The Average Cost of Dog Stitches


Bryan Huynh

- Updated February 20, 2024

Key Takeaways

  • Learn about the stitching process
  • Explore the factors influencing the cost of dog stitches, including complications and their costs
  • Explore tips on how to reduce costs
The Average Cost of Dog Stitches

Like humans, dogs can unfortunately experience accidents and unforeseen injuries, which sometimes need stitches to help them heal properly. When your dog sustains such an injury, it’s vital to get them prompt treatment to prevent further infection or contamination and to increase the chance of successful recovery.


Factors Influencing the Cost of Dog Stitches

Knowing the cost of a veterinary procedure before going into it can be extremely helpful. It can help dog owners determine how much money to set aside and prevent significant financial impact. However, the cost of stitches for dogs is not a universal price, as several factors can cause this price to change.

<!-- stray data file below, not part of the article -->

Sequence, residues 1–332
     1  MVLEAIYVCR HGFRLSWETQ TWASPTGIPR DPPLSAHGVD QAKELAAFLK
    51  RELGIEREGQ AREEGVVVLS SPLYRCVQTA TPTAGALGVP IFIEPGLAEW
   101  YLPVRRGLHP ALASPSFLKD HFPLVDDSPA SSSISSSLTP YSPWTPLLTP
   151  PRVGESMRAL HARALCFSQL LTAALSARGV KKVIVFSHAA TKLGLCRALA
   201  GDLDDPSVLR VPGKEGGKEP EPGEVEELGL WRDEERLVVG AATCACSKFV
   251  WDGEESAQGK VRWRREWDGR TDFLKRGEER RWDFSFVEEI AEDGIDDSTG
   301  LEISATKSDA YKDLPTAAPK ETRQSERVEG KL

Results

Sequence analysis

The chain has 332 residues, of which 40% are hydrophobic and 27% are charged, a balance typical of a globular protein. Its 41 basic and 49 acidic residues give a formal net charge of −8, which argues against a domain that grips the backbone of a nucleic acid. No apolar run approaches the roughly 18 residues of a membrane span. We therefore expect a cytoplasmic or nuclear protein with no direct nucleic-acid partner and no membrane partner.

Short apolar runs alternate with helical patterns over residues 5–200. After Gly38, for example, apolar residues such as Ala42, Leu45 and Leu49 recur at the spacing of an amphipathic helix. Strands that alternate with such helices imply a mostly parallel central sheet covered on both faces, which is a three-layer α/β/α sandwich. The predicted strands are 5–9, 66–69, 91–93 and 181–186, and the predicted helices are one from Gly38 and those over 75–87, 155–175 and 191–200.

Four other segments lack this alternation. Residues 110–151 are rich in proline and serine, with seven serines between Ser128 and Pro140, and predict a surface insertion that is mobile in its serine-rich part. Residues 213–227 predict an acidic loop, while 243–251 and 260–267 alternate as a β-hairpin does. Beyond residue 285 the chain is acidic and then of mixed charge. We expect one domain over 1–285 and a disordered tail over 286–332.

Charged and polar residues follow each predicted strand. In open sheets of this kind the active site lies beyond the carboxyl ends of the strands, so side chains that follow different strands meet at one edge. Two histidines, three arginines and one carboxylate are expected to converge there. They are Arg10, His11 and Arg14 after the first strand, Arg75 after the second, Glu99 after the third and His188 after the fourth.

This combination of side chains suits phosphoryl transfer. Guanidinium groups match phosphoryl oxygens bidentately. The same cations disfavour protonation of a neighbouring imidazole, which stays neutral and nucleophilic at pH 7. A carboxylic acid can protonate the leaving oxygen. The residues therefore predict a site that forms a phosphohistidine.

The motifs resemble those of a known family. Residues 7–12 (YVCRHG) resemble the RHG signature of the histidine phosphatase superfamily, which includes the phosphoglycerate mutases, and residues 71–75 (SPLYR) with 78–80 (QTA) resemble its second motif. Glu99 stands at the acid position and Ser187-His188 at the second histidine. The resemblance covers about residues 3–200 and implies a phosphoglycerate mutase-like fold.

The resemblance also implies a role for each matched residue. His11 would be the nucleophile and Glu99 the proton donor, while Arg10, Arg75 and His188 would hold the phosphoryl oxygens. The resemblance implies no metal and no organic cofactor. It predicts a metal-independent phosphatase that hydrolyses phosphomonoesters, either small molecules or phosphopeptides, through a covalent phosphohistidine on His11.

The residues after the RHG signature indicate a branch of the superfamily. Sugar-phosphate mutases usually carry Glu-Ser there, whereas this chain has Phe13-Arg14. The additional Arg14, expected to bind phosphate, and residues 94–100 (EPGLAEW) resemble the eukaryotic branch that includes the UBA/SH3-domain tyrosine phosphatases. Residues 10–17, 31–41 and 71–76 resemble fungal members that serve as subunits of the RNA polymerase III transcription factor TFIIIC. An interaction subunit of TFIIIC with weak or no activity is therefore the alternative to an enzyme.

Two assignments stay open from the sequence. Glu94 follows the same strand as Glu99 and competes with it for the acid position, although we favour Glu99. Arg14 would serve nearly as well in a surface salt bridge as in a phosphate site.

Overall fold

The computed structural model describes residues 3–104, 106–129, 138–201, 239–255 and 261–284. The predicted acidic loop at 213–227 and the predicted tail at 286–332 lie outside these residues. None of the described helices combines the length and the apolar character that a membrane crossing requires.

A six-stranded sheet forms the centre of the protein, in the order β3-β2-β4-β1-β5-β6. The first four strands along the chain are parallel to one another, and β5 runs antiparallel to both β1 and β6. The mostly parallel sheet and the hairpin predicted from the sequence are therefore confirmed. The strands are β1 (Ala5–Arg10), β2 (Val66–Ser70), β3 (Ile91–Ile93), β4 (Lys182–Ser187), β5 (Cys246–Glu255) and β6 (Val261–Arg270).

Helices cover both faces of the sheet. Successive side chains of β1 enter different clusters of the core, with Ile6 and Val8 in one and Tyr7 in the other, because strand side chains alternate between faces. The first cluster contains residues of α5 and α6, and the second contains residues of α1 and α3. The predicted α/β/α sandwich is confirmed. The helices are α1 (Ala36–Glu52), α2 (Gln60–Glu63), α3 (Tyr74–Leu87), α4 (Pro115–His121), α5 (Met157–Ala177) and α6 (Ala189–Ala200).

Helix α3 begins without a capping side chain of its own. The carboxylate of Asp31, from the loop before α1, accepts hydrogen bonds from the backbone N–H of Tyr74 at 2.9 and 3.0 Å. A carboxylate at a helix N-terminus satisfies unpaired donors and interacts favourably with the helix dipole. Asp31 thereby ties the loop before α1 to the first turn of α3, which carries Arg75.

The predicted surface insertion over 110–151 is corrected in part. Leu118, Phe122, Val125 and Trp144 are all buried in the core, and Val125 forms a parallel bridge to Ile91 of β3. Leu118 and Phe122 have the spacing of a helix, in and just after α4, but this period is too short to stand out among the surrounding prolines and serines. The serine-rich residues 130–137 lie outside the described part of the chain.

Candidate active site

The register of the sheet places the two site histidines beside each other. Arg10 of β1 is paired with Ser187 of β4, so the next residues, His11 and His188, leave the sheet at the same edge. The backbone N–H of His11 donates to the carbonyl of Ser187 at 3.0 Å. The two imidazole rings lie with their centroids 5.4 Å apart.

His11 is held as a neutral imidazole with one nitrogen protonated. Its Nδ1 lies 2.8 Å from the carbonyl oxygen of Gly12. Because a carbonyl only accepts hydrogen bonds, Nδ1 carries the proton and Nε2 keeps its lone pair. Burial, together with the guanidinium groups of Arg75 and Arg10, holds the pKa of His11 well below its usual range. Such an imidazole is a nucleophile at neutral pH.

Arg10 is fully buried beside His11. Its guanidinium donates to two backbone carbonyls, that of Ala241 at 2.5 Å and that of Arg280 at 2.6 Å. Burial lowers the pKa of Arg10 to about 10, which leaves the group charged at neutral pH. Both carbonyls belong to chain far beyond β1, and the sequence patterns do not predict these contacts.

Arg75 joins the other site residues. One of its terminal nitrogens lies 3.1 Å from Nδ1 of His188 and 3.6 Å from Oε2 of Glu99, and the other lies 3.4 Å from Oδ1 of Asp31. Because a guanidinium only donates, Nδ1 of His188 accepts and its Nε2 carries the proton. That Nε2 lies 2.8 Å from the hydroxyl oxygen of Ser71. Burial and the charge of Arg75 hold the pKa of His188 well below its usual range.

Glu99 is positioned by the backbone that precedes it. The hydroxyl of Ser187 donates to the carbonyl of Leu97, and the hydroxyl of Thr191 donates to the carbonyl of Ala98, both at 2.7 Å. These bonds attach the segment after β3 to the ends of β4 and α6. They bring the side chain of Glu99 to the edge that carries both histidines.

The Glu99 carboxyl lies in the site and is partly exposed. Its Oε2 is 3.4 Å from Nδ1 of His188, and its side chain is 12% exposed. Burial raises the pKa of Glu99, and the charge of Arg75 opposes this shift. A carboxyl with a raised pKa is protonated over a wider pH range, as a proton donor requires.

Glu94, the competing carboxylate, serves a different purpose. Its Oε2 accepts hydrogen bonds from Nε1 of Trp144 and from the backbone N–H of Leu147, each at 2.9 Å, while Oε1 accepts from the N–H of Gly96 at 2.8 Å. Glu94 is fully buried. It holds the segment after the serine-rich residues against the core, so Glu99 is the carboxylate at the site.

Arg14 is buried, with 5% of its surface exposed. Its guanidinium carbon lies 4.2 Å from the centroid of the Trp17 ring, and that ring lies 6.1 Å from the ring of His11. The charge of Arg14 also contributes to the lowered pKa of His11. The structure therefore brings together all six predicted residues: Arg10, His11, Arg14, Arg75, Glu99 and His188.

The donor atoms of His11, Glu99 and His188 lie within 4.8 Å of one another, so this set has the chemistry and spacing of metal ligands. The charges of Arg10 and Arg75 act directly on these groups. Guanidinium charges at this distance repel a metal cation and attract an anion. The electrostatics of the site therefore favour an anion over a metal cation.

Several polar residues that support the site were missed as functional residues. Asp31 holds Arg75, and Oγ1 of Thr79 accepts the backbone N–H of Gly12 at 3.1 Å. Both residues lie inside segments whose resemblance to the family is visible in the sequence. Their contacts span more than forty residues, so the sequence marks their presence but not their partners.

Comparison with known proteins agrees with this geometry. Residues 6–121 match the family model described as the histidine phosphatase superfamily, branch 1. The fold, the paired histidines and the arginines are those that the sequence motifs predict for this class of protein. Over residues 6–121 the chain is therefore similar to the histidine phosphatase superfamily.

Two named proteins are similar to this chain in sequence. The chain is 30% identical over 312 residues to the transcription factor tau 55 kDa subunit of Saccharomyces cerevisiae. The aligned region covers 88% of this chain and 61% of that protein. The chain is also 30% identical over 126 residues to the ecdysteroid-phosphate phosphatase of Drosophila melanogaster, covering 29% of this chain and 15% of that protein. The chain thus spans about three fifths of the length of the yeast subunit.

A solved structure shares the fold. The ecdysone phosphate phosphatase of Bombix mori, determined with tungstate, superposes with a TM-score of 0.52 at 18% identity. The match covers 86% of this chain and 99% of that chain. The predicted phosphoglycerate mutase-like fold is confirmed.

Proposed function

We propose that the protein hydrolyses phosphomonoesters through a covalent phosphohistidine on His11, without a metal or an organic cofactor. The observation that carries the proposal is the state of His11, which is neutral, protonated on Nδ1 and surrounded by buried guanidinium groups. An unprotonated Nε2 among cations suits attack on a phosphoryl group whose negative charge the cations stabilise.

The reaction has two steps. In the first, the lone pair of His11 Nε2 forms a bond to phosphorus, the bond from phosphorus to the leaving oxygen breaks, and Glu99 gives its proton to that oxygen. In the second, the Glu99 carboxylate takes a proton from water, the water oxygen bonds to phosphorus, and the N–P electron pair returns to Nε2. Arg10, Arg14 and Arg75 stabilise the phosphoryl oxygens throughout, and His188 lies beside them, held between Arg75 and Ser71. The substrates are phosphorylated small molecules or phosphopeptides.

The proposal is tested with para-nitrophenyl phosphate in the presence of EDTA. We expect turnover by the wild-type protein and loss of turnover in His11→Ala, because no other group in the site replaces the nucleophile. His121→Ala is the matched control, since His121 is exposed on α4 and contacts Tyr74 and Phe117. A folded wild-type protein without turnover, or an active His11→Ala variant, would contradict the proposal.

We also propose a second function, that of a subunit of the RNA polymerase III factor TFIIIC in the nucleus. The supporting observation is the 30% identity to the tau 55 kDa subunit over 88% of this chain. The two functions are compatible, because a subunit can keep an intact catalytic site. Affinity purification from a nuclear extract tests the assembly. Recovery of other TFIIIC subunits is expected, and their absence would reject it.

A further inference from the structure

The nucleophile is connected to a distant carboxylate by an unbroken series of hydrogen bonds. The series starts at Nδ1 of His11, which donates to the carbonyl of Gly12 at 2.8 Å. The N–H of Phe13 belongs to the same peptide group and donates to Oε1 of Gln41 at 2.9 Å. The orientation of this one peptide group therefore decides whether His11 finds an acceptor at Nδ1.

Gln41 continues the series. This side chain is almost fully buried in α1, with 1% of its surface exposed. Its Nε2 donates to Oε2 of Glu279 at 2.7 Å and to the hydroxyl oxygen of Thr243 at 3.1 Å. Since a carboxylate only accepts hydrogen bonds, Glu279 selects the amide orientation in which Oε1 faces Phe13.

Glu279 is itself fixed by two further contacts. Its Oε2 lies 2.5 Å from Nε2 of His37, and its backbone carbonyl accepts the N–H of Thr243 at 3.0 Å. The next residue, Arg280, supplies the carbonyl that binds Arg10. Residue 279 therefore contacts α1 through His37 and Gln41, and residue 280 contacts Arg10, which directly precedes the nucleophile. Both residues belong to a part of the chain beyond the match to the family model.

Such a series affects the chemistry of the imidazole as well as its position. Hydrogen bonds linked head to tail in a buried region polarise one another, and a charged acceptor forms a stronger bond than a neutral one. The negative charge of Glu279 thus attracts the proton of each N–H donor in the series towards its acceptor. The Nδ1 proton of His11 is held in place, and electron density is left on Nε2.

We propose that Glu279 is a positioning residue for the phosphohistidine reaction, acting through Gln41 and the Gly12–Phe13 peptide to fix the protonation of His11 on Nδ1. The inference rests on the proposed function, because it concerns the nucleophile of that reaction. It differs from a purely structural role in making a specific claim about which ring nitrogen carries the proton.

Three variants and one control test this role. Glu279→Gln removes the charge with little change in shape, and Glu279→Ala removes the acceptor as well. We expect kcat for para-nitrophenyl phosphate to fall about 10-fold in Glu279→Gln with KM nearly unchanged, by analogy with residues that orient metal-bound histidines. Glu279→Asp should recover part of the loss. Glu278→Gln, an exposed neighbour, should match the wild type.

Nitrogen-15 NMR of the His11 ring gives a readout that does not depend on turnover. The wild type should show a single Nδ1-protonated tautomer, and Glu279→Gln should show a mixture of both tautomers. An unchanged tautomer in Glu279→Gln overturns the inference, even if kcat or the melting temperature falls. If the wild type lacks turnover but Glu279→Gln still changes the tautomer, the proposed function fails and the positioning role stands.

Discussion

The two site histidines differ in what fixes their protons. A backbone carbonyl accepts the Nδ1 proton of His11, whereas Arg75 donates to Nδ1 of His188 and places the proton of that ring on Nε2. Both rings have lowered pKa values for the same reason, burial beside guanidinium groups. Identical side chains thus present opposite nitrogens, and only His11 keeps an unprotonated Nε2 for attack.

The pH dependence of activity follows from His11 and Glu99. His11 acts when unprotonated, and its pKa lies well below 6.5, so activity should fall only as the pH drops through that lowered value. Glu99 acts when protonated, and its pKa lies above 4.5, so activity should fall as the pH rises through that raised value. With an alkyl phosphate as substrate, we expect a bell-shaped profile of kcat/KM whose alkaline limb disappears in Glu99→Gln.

Severity and Location of the Wound:

First and foremost, the location and severity of the wound that needs stitches will be a significant determinant of the price of the procedure. If the injury isn’t too deep and is in an easy-to-reach location, then the procedure will be less complicated and will, therefore, cost less.

Type of Stitching Required:

There are three main types of stitches. The type of stitch the vet uses can affect the price. Traditional sutures tend to cost between $100 and $300. While dissolving sutures tend to be in a similar range, they are likely to be on the less expensive side. Staples tend to be less expensive but also tend to be slightly less effective. That being said, most veterinarians prefer staples in time-sensitive situations.

Geographic Location:

The pricing of stitches for dogs will vary significantly depending on where the veterinary clinic is located geographically. Certain regions have higher costs for the veterinary clinic, resulting in them charging more for treatment. In addition, veterinary clinics in rural areas tend to be less expensive than those in urban areas.

Veterinary Clinic or Hospital Type: